Encyclopedia of Religion
and Society

William H. Swatos, Jr. Editor

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Refers both to a form of civic faith within a republic and to public expressions of religious faith in cultures where religion is more familiarly categorized as a private affair.

In respect to civic faith, the term derives from a phrase by Benjamin Franklin. In 1749, the American founder made "proposals" for an educational academy in Philadelphia. When discussing the study of "history," he argued that it would "afford frequent Opportunities of showing the Necessity of a Publick Religion ," arguing "from its Usefulness to the Publick; the Advantages of a Religious Character among private Persons," and the like.

In recent decades, as portrayed by Princeton historian John Wilson, "public religion" has come to be seen as a parallel or alternative to "civil religion" as a societal expression. Robert N. Bellah's notable essay (1967) describing and cautiously promoting "civil religion," inspired in part as it was by reference to collectivities in the schemes of Jean-Jacques Rousseau and Émile Durkheim, struck many as representing a kind of "top-down" governmental development.

In contrast to this, the Franklinian tradition of public religion was, in a way, seen as a "from-the-bottom-up" proposal. That is, Franklin and most other of the nation's founders were concerned about public morality and virtue, reasoning that without these the U.S. Constitution that they were drafting would be ineffective for republican life. They looked out on 13 colonies in which varieties of churches and other spiritual and moral forces were at work. Each had a peculiarity that gave it sectarian life, but almost all promoted the common good—and this endeavor was to be part of the public religion, to be discerned in education and voluntary acts of citizens.

Public religion , second, refers to expressions of religious belief and behavior generated by private individuals or in the subcommunities, communities, and associations in the voluntary sector but having direct bearings on public order. As such, the term serves to refer to one side of the familiar private-public dichotomy.

In a liberal society such as that of the United States, there is a long tradition of wariness voiced by those who have seen religious and tribal warfare elsewhere and the threat of the same domestically. In part because of such concerns, this tradition lends support to the folk distinction that religion is "a private affair." It has an honored place in the heart and the home, or in the religious institution and voluntary agencies with specific faith-based purposes. But, in part because of the volatile potential when religion goes public in a pluralist society, the publicness was discouraged.

Those who point to and even celebrate public religion, however, argue that religion will inevitably find outlets and will make intrusions in the public realm, and that it is better to recognize this and make such religion a subject of citizen observation and debate than to keep it covert and leave it unacknowledged. By "public," such advocates never mean that it does or should displace the private forms. Nor, they are quick to insist, does "public" mean always and only "political." The place of religion in politics particularly is related to its place in the public generically. The public includes all the spheres and zones where the different individuals and groups come out of privacy and seclusion into settings and occasions where citizens meet "the other," those who are not of one's own group, whether this group is religious, racial, ethnic, ideological, or whatever.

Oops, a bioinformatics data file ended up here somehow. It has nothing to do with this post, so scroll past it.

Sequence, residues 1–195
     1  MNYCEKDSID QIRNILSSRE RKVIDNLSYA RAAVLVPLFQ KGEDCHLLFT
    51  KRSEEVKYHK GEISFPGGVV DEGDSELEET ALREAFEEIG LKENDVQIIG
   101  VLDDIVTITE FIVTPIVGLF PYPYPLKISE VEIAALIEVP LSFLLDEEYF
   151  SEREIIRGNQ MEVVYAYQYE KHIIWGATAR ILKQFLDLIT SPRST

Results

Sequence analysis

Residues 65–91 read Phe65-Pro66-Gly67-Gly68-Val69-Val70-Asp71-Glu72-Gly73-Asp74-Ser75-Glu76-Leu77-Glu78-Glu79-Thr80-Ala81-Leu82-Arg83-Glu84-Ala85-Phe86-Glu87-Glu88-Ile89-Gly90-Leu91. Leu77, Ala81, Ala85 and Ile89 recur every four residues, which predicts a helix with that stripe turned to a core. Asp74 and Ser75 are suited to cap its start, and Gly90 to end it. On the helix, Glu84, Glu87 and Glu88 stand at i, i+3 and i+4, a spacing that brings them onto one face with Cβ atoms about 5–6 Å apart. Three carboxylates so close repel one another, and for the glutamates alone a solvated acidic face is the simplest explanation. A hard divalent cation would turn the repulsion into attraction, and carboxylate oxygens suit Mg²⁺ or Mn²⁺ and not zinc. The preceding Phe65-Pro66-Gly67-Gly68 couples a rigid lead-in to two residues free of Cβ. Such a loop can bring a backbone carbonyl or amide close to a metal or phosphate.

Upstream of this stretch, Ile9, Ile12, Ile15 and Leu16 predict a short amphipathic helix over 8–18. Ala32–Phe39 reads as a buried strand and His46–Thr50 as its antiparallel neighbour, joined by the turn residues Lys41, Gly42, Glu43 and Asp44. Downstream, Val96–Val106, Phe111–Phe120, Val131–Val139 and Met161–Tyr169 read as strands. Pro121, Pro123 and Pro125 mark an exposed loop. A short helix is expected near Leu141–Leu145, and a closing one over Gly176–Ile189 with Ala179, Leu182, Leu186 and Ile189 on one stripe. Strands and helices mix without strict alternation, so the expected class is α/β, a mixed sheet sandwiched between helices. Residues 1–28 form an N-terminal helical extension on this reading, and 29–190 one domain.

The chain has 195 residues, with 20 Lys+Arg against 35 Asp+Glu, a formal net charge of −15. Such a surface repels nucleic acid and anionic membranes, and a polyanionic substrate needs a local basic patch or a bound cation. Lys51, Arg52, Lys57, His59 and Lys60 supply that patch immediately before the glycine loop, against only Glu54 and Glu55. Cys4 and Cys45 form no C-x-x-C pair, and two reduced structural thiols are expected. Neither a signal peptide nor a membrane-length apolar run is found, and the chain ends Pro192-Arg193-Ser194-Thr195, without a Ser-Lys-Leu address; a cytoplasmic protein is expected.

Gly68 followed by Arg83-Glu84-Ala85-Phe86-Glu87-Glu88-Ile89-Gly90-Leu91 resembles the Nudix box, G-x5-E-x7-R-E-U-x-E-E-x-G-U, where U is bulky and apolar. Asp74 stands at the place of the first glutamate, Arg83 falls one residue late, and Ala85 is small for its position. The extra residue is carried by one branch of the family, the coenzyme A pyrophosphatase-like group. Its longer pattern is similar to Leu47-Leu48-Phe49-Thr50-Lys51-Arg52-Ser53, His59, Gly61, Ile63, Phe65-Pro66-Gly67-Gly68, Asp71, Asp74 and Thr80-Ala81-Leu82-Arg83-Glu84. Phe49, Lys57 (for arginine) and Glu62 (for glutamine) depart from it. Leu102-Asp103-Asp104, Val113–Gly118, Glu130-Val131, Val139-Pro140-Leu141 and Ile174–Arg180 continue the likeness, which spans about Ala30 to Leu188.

Those who both observe and advance public religion contend that faith is a major element in world and national history, and has its place in curricula; that it plays such a large part in life that it cannot fairly or safely be overlooked by mass communicators; that it is too vital to go uncriticized as it only can be criticized when it is subject to public view; that it can play its part not only in repressing dissent and variety but, more positively, in encouraging the development of virtue and contributing to ethical judgments.

Public religion thrives in many forms, but not, in the eyes of many who see hope in its category, as an official, legal, governmentally monitored phenomenon. Instead, it prospers when individuals and groups resort not to coercion but to persuasion and example, by dialogue and argument and voluntary action. Only in the eyes of a few is it seen as a rival or potential replacement for the nonpublic or less public forms of faith and religious institutions. Rather, most would say that public religion depends upon the cultivation that goes on in the more private expressions, because it does not aspire to satisfy many of the needs of the souls as citizens give voice to them.

See also Civil Religion

Martin E. Marty


R. N. Bellah, "Civil Religion in America," Daedalus 96 (1967):1-21

J. Casanova, Public Religions in the Modern World (Chicago: University of Chicago Press, 1994)

M. E. Marty, Religion and the Republic (Boston: Beacon, 1987)

J. F. Wilson, Public Religion in American Culture (Philadelphia: Temple University Press, 1979).

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